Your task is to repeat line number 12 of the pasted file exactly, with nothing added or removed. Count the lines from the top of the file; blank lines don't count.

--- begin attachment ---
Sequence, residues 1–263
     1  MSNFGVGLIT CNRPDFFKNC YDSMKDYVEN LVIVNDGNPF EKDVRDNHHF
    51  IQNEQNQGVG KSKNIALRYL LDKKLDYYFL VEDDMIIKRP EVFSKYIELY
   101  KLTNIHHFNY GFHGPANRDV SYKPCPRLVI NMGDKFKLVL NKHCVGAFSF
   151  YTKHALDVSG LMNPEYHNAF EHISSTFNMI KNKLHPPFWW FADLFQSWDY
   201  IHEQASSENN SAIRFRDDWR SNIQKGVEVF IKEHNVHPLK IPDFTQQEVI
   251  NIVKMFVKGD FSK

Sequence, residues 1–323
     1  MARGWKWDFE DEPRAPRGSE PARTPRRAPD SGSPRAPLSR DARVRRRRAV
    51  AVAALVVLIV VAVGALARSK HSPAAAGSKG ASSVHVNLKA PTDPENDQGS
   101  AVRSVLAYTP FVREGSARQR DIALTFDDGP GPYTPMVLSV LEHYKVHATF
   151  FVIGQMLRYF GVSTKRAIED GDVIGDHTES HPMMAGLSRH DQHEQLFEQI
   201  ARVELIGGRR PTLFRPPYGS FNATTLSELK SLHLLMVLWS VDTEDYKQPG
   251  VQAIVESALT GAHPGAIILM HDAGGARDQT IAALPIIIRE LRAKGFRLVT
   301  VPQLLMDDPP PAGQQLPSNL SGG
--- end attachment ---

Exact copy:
   151  FVIGQMLRYF GVSTKRAIED GDVIGDHTES HPMMAGLSRH DQHEQLFEQI